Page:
enslaved for debt. For further information on this measure, see Diet, of Bioyr. art. Solon.
This great measure, when carried into effect, gave general satisfaction, for it conferred the great est benefits upon the poor, without depriving the rich of too much, and the Athenians expressed their thankfulness by a public sacrifice, which they called o"€icrdx0€(a, and by appointing Solon to legislate for them with unlimited power. (Plut. Sol. 16 ; compare Suidas, Hesych. Etym. Mag. s. v. ; Cic. de Re Publ. ii. 34 ; Wachsmuth, Hcllen. Alt. vol. i. p. 472.) [L. S.]
SELIQUASTRUM. [sella, No. IV.]
SELLA. The general term for a seat or chair of any description. The varieties most deserving of notice are : —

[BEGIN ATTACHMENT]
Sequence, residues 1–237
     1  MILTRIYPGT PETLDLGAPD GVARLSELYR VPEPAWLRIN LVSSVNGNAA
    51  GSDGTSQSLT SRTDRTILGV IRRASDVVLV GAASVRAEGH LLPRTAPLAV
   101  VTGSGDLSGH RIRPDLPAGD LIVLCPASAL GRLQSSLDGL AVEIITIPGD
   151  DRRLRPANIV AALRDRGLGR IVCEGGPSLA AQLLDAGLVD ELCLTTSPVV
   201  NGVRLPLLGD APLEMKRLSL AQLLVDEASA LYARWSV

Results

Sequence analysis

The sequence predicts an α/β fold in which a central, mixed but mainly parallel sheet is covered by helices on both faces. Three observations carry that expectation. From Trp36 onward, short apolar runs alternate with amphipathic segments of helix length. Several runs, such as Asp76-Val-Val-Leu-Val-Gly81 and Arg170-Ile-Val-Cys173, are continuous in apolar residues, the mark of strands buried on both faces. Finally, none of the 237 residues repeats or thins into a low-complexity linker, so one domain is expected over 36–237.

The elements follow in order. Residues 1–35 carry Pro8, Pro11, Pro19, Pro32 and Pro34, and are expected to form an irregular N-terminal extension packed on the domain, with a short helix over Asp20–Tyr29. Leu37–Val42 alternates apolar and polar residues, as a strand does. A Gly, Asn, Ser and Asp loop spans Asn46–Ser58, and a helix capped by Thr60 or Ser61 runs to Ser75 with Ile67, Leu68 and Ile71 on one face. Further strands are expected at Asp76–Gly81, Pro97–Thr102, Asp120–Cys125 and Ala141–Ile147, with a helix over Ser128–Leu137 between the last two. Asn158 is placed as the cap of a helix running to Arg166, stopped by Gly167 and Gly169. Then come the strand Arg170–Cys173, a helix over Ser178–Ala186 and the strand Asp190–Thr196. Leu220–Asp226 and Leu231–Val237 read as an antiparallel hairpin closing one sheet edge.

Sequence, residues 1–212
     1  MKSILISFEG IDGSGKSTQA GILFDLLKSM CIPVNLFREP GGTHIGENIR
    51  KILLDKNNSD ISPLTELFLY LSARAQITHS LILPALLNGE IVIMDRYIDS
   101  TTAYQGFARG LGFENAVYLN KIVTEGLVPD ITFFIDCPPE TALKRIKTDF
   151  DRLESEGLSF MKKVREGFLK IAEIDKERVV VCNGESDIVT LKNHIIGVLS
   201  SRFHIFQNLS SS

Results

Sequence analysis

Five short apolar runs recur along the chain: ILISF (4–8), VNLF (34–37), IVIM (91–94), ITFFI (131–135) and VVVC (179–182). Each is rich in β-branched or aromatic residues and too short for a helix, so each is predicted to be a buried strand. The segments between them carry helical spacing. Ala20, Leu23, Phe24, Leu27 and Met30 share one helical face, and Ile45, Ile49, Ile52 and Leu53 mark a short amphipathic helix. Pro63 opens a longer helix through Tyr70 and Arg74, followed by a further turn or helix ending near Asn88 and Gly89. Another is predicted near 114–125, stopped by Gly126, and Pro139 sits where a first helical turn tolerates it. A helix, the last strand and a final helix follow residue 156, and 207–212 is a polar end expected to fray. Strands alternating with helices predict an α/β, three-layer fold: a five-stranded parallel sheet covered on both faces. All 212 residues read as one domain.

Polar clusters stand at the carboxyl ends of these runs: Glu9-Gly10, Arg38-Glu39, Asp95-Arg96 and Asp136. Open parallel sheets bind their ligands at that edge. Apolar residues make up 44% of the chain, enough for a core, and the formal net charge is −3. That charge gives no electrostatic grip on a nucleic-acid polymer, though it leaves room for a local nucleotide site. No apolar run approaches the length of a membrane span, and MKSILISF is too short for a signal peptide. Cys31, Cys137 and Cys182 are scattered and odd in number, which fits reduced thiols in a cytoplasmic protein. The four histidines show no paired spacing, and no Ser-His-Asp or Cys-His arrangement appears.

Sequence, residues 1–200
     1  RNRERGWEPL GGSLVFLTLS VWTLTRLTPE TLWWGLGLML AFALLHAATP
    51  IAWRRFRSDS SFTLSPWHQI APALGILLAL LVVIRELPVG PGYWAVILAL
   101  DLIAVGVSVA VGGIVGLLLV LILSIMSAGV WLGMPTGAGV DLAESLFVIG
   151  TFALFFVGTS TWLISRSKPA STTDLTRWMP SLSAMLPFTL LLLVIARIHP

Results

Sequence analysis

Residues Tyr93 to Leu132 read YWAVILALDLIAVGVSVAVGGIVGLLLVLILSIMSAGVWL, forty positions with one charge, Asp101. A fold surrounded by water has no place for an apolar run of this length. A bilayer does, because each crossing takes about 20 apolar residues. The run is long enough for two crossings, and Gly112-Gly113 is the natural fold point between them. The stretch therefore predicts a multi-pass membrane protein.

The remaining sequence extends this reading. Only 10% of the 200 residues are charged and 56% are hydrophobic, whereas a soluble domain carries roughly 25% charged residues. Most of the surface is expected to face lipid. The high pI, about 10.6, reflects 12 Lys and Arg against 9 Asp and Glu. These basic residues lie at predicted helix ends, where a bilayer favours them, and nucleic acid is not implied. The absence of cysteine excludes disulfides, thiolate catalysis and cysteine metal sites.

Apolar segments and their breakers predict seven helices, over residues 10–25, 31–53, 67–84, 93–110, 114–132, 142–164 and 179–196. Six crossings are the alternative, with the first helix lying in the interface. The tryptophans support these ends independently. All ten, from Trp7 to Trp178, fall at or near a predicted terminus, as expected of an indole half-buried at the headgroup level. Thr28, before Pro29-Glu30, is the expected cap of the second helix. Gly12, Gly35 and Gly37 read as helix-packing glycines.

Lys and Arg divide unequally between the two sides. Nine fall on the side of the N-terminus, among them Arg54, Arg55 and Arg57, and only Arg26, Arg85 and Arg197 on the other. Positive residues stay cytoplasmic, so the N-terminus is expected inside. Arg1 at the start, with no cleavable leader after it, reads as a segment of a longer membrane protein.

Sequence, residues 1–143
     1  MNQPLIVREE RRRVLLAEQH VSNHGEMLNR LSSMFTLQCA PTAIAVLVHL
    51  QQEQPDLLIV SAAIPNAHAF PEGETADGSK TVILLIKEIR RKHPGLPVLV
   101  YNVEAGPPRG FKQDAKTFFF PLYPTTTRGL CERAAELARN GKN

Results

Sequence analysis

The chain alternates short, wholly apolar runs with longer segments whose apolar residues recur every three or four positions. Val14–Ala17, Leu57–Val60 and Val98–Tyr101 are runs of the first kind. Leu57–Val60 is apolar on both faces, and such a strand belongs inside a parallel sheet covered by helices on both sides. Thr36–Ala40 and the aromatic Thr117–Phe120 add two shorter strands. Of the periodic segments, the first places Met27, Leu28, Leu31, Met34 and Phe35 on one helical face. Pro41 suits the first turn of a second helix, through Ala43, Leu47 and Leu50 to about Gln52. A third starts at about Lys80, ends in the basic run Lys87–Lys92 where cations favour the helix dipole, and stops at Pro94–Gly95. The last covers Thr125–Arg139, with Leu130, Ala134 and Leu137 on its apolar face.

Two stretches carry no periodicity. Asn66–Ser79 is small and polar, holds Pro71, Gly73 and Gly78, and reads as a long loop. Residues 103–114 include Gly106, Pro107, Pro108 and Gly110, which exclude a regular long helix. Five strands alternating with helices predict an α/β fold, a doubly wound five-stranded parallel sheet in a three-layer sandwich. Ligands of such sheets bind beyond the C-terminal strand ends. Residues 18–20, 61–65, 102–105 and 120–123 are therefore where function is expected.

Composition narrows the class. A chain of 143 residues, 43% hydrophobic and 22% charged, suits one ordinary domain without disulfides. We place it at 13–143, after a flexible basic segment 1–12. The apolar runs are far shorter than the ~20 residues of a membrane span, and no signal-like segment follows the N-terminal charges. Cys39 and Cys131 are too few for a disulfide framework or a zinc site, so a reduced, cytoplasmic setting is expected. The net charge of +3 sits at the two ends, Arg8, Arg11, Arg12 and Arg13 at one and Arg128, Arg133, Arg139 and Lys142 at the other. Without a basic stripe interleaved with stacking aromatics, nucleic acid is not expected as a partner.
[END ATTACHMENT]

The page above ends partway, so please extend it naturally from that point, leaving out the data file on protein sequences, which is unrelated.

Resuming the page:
I. sella curulis, the chair of state. Curulis is derived by the ancient writers from currus (Aul. Gell. iii. 18; Festus, s. v. Ourules; Servius, ad Virg. Aen. xi. 334 ; Isidor. xx. Jl. § 11) ; but it is more probably connected with curvus. The sella curulis is said to have been used at Rome from a very remote period as an emblem of kingly power (hence cundi regia sella adornavit^ Liv. i. 20), having been imported, along with various other insignia of royalty, from Etruria (Liv. i. 8), according to one account by Tullus Hostilius (Macrob. Sat. i. 6) ; according to another by the elder Tarquinius (Flor. i. 5) ; while Silius names Vetulonii as the city from which it was immediately derived (viii. 487). Under the republic the right of sitting upon this chair belonged to the consuls, praetors, curule aediles, and censors (Liv. ii. 54, vii. 1, ix. 46, x. 7, xl. 45 ; Aul. Gell. vi. 9, &c.) ; to the Flamen Dialis (Liv. i. 20, xxvii. 8) [flamen] ; to the dictator, and to those whom he deputed to act under himself, as the magister equitum, since he might be said to comprehend all magistracies within himself. (Dion Cass. xliii. 48 ; Liv. ii. 31 ; Festus, s. v. Sellae curulis). After the downfal of the constitution it was assigned to the emperors also, or to their statues in their absence (Tacit. Ann. xv. 29, Hist. ii. 59 ; Servius, I.e.); to the Augustales (Tacit. Ann. ii. 83), and, perhaps, to the praefectus urbi. (Spanheim, de Praest. et Usu Numism. x. 3. § 1.) It was displayed upon all great public occasions, especially in the circus and theatre (Liv. ii. 31 ; Suet. Octav. 43 ; Dion Cass. Iviii. 4), sometimes, even after the death of the person to whom it belonged, a mark of special honour, bestowed on Marcellus, Germanicns, and Pertinax (Dion Cass. liii. 30, Ixxiv. 4 ; Tacit. Ann. ii. 83, and Comm. of Lips. ; Spanheim, x. 2. § 1) ; and it was the seat of the praetor when he administered justice. (Cic. Verr. ii. 38; Val. Max, iii. 5. § 1 ; Tacit, Ann. i. 75 ; Martial, xi. 98. 18.) In the provinces it was assumed by inferior magistrates, when they exercised proconsular or pro-praetorian authority, as we infer from its appearing along with fasces on a coin of the Gens Pupia, struck at Nicaea in Bithynia, and bearing the name AVAOC nOVHIOC TAMIAC. We find it occasionally exhibited on the medals of foreign monarchs likewise, on those of Ariobarzanes II. of Cappadocia, for it was the practice of the Romans to present a curule chair, an ivory sceptre, a toga praetexta, and such like ornaments, as tokens of respect and confidence to those rulers whose friendship they desired to cultivate. (Liv. xxx. 11, xlii. 14; Polyb. ejcc. Leg. cxxi. ; Cic. ad Fain. xv. 2 ; Spanheim, Ibid. x. 4.)